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When this year’s edition of Kwazulu-Natal’s most popular literary festival (originally scheduled to run 16 – 21 March) had to be cancelled due to coronavirus fears, the organisers had to think outside the box. Participants had already been paid, and readers were looking forward to interacting with their heroes. According to Marlyn Ntsele, the conversion from a physical festival to one hosted across social media platforms, turned on a dime: ‘We did not give ourselves much time, because we did not want to lose the momentum. Luckily the festival was already active on most social media channels. We needed a day to brainstorm and make choices between all the options and applications we could use.’

The program consisted of a series of Q&A’s on Twitter, live interviews on Instagram, Skype interviews, live readings on Facebook, Facebook book launches and a number of workshop videos writers recorded from their homes. Participating authors included Remy Ngamije, Lebohang Masango, Shafinaaz Hassim, Refiloe Moahloli, Fred Khumalo, Siphiwo Mahala and many more. The audience varied greatly, depending on time, medium and writer. Some of the interviews had over 800 views, some much less.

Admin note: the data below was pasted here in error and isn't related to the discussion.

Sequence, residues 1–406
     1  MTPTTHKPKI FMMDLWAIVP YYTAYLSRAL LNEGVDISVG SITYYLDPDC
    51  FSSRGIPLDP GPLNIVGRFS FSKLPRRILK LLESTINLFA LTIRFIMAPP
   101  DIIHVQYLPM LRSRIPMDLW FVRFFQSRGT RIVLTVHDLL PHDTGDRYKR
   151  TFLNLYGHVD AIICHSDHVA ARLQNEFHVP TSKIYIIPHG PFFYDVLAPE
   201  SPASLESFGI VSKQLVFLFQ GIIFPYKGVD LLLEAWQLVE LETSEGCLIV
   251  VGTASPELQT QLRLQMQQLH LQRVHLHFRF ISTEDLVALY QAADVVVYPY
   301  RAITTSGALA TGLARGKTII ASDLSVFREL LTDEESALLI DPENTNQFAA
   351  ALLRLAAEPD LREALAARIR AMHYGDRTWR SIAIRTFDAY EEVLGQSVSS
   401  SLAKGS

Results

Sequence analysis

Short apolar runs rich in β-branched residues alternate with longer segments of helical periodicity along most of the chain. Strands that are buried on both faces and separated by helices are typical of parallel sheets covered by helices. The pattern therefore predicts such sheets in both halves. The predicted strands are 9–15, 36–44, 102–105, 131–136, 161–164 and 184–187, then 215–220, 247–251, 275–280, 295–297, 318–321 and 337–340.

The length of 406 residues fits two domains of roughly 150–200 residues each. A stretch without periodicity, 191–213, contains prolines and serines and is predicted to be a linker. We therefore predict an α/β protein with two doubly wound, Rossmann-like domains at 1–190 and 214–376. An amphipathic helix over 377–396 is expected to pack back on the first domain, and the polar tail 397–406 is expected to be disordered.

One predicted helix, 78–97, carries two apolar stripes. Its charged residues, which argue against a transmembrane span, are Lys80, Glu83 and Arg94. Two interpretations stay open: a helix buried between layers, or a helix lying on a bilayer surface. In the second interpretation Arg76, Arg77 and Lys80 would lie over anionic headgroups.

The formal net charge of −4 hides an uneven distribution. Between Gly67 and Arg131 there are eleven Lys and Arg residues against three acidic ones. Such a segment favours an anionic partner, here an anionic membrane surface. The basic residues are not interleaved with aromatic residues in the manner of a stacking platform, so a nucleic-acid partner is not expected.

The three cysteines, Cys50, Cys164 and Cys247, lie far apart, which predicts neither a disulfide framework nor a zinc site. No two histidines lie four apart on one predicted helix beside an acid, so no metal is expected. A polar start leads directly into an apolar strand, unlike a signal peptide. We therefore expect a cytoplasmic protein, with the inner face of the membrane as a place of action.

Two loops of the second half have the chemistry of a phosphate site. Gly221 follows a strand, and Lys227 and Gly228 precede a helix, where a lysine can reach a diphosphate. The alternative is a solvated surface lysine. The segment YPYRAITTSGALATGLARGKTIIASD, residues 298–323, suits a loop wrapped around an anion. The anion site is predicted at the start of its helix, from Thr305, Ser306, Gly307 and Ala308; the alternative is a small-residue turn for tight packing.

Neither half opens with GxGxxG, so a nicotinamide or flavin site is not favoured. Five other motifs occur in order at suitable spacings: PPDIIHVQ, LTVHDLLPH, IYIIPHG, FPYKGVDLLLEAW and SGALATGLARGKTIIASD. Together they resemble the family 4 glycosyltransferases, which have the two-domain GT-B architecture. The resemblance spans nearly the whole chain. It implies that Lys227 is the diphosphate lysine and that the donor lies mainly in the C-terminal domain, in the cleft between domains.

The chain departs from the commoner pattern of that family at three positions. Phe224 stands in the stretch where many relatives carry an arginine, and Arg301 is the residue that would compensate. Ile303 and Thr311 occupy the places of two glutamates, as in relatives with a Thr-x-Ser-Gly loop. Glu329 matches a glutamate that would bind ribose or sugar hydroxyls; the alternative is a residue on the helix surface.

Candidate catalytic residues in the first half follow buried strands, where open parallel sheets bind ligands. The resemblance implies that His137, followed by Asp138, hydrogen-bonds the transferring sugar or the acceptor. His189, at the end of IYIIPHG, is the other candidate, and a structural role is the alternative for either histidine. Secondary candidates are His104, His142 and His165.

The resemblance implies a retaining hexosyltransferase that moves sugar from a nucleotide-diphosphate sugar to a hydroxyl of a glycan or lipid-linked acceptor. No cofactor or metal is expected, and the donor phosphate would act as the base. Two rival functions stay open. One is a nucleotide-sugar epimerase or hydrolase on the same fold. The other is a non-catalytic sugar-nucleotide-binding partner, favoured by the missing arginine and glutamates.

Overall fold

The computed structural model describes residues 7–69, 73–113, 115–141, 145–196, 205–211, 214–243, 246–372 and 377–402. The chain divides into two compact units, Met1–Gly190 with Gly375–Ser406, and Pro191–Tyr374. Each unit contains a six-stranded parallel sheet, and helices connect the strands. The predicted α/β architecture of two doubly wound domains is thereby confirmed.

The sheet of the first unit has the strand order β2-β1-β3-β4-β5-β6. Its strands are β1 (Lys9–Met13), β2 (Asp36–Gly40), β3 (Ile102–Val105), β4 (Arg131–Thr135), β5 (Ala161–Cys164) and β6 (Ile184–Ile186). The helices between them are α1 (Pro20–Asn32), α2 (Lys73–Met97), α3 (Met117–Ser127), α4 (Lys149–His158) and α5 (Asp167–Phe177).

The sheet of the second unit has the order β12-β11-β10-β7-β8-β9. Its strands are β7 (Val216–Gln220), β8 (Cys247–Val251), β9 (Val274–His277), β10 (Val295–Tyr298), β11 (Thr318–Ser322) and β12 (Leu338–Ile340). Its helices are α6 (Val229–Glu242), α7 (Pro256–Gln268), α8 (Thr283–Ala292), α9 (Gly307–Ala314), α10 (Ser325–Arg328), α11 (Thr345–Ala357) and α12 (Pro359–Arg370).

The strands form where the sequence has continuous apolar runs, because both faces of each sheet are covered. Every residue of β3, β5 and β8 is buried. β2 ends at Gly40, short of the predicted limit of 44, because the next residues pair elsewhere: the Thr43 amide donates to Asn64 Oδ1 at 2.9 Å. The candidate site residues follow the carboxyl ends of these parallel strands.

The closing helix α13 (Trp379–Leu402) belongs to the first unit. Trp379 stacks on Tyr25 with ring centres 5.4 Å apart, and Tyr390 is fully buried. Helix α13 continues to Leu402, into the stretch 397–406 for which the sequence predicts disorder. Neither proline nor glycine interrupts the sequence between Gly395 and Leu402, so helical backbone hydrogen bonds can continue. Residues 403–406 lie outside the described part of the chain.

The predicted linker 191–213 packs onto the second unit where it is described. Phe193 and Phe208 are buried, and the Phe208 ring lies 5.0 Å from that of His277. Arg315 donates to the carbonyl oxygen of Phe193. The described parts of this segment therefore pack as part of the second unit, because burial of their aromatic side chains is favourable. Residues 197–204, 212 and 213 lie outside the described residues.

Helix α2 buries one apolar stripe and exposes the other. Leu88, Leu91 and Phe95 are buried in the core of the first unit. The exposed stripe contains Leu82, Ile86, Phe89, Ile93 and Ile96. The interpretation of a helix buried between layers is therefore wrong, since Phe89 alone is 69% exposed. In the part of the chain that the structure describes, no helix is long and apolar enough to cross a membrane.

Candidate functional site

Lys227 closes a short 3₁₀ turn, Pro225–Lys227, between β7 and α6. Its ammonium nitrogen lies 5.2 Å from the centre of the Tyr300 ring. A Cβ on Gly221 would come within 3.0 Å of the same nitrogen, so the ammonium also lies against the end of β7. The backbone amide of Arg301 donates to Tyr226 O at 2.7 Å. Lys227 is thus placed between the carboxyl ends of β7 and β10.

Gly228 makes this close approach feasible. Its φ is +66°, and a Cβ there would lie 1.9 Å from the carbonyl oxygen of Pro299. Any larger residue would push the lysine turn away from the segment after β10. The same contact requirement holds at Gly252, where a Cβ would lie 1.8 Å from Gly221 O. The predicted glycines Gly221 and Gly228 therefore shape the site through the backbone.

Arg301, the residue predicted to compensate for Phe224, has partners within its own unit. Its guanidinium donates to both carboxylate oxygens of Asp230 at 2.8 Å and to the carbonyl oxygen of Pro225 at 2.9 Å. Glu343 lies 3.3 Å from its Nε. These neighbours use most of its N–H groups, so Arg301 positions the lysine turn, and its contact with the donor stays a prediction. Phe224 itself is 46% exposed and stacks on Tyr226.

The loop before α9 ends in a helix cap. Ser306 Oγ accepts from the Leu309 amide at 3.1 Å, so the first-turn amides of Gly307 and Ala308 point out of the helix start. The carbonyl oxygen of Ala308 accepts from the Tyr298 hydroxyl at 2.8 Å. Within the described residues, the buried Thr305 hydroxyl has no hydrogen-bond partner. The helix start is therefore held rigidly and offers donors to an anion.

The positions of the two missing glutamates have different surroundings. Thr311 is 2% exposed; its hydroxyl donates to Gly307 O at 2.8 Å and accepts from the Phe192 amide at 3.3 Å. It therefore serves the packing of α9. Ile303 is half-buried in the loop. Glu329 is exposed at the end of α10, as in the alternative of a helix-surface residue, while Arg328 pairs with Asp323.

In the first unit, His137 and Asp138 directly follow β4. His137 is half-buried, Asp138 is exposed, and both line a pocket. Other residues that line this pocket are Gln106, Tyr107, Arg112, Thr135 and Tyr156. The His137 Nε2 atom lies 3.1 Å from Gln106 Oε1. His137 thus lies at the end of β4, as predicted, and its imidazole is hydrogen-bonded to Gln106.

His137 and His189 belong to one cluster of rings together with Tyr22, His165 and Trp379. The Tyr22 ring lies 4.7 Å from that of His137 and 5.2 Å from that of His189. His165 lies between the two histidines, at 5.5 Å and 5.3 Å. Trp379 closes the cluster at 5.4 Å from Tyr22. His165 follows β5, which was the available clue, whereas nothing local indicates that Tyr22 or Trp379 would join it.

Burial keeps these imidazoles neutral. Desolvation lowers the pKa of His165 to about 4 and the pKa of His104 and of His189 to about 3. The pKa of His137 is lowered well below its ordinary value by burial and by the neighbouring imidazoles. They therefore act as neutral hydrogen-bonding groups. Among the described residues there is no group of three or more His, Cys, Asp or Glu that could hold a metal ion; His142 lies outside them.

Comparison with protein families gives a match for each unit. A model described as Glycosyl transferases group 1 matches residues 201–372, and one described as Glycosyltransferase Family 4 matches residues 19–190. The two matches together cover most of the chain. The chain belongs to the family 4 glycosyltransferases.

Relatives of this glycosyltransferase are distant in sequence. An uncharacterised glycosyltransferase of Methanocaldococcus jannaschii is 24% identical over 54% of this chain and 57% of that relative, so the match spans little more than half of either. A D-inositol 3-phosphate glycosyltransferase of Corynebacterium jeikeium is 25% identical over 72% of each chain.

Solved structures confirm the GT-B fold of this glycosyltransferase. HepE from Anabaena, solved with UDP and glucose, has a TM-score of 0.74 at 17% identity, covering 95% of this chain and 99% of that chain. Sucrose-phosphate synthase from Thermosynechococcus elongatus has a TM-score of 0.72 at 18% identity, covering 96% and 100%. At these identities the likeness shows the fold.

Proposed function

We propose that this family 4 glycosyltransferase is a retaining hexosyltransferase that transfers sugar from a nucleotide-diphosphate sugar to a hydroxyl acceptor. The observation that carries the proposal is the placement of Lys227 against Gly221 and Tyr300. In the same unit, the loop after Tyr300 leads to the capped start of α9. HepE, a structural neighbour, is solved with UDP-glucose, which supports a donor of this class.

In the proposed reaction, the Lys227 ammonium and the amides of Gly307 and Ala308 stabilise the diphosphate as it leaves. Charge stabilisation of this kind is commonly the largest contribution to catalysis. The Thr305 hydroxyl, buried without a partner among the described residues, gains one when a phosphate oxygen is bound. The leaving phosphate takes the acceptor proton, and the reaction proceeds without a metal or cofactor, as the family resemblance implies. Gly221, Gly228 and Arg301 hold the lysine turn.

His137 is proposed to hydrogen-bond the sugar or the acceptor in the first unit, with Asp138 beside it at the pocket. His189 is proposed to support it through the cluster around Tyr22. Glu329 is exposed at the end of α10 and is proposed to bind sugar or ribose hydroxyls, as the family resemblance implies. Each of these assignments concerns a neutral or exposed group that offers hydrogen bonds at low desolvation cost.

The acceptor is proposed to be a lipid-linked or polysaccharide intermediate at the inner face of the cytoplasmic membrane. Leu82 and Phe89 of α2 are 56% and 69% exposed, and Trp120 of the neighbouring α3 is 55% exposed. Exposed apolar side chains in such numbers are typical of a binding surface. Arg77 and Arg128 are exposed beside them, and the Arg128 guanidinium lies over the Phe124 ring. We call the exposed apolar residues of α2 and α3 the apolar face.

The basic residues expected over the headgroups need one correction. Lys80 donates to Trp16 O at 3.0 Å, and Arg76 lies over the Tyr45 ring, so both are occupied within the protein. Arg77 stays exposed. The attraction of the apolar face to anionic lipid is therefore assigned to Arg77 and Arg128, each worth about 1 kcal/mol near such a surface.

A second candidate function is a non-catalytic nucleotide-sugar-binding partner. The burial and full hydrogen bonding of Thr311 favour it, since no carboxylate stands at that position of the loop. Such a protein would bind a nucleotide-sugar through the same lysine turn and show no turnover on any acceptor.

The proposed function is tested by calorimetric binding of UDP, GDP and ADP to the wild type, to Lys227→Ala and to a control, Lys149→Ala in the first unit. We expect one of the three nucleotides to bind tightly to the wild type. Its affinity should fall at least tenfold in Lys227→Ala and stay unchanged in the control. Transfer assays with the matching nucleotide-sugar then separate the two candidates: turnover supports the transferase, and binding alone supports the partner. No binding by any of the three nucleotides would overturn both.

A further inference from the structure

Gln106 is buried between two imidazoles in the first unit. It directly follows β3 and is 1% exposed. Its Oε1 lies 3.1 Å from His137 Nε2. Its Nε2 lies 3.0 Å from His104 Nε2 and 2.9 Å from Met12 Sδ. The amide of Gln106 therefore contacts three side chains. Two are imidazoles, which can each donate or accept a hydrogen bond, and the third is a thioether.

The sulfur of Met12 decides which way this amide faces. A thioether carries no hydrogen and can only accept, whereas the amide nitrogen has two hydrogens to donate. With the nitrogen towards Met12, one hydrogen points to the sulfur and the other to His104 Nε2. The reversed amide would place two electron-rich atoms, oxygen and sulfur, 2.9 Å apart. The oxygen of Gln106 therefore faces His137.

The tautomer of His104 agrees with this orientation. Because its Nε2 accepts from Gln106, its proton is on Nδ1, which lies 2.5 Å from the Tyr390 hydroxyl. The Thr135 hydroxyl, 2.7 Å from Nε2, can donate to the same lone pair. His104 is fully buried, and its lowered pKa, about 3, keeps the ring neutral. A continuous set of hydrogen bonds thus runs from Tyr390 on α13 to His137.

Ntsele does not  however think the format would work if customers are charged for entry: ‘I think the advantage of using a virtual medium is that you do not only reach book lovers, but also many people in passing – who may have never bought a ticket to the event – their interest in literature may have been triggered by us. Once we make events like these ticketed, we will miss out on this advantage. It would therefore only be sustainable if there is funding.’Another good thing about virtual events is the gradual collecting of an archive of interviews, perpetually available for re-use and for upload to one’s YouTube channel. Ntsele, however, believes the online version of the festival is too exclusionary to become the norm: ‘Time of the Writer prides themselves in organising many panel discussions and “meet the writer” events at community centres and libraries. Due to lack of internet access, these communities were now left behind. We certainly feel that festivals like this may miss many opportunities by not digitising themselves more, but, at the end of the day, that personal face-to-face contact with writers is way too important to make it the only way. Also the writers are normally so happy to, for a change, leave their spaces and meet the readers in person. To conclude with the words of Zakes Mda on Twitter recently: “If virtual Time of the Writers works successfully this year, please do not make it permanent after Time of the Coronavirus. We still need to hug our writers.”’

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